Northern Ireland news

Lyra McKee's partner says she has 'lost the woman I was planning to grow old with'

Journalist Lyra McKee was shot dead on Thursday night during riots in Derry
Brendan Hughes

LYRA McKee has been fondly remembered by friends as a "rising star" in journalism who proudly championed the LGBT community.

The 29-year-old gained prominence in 2014 for a blog post called "Letter to my 14-year-old self", in which she wrote about her personal struggles with growing up gay in Belfast.

In the years since, her letter was turned into a short film, she wrote for local and international publications, and had recently signed a two-book deal with Faber & Faber.

She previously launched an online crowd-funding project to write a non-fiction book about the Troubles-era cold case murder of South Belfast MP Rev Robert Bradford.

Named as one of the "30 under 30 in media" by Forbes Magazine in 2016, Ms McKee was cited for her passion to "dig into topics that others don't care about".

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The north Belfast woman also worked on a grassroots campaign to reform Northern Ireland's libel laws.

At a vigil in Derry, her partner Sara Canning said she had been left without "the woman I was planning to grow old with".

"We are all poorer for the loss of Lyra," she said.

 Sara Canning, the partner of murdered journalist Lyra McKee, spoke at a rally in Derry's Creggan estate after the killing. Picture by Margaret McLaughlin

John O'Doherty, director of the Rainbow Project, described Ms McKee as a "hero to many in the LGBT community".

He said she was a "remarkable person" who had "volunteered and fundraised for us, including at a Strictly Come Dancing fundraising event".

"Lyra described herself as someone with two left feet but like everything she did in her life, she gave it everything she had and our lasting memory will be of a smiling and dancing Lyra," he added.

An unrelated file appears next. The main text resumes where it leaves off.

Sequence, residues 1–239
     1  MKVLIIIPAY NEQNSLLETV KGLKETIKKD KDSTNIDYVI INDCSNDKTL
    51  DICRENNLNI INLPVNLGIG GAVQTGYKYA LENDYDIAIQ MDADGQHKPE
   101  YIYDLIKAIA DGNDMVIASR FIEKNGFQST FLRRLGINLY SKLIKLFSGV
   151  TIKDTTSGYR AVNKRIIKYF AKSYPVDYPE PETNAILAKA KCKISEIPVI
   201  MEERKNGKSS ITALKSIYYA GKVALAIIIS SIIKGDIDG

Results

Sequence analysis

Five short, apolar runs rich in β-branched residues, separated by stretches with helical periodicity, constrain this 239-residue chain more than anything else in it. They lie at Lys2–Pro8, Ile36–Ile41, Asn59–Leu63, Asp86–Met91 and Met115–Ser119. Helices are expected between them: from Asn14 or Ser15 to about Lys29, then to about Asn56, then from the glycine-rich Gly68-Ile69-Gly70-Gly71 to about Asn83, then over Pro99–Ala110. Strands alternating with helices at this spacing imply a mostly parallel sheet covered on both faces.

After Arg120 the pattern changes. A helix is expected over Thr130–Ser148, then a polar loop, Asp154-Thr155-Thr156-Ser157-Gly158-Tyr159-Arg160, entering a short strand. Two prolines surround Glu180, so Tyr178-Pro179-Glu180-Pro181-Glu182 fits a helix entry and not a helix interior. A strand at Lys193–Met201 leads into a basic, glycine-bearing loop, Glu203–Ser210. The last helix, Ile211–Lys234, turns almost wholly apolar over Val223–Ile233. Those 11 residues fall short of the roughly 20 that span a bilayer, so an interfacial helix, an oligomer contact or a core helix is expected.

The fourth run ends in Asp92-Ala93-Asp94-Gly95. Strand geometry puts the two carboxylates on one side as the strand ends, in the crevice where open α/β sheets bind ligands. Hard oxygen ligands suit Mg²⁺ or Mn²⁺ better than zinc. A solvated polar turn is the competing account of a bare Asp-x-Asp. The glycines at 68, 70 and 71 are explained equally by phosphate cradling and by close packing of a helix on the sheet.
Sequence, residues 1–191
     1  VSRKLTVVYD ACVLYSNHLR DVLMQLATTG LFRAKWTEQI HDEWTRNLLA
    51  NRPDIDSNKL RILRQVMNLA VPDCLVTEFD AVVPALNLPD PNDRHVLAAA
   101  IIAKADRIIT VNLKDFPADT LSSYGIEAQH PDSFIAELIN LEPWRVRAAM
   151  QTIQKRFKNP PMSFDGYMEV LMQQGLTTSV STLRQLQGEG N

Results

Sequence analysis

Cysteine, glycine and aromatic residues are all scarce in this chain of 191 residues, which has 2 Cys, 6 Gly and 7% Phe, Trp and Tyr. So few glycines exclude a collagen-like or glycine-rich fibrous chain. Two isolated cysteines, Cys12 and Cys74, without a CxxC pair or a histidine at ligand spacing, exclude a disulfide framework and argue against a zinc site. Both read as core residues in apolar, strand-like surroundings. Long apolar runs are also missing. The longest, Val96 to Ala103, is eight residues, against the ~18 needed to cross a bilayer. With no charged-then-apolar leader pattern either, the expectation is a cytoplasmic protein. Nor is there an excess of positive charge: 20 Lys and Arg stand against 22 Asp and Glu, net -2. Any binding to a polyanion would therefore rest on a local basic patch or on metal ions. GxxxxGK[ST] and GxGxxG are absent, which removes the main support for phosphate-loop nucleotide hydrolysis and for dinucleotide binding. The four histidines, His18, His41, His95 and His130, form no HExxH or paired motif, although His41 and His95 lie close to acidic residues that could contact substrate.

Journalist Lyra McKee was shot dead in Derry on Thursday night. Picture by Alan Lewis, Photopress

Seamus Dooley, Irish secretary of the National Union of Journalists (NUJ), praised her as a "journalist of courage, style and integrity".

Ciarán Ó Maoláin, the NUJ's Belfast secretary, who knew Ms McKee, described her as "intelligent, determined and very witty".

"Those whom she trusted were privileged to be taken into her confidence," he said.

"There is no comfort for us in knowing that her killing, unlike that of Martin O'Hagan or Veronica Guerin, was not targeted."

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Friend Ian Shanks described Ms McKee as "everything you wanted to be in life – honest, funny, sincere, caring".

"I remember how she always wanted to help with our homeless group. She always genuinely cared about everyone around her and beyond," he said.

Close friend Ann Travers, whose sister Mary was murdered by the IRA in 1984, said Ms McKee was a "kind, gentle, witty and stubborn soul".

"I just can't believe that this witty, clever human being has been taken... Feel sick," she said.

Journalist Lyra McKee (29) was originally from north Belfast

Bishop of Derry Donal McKeown said Ms McKee's murder has caused "widespread shock and revulsion".

"I have every confidence that the wider community will come together at this time to make clear our conviction that violence solves nothing," he said.

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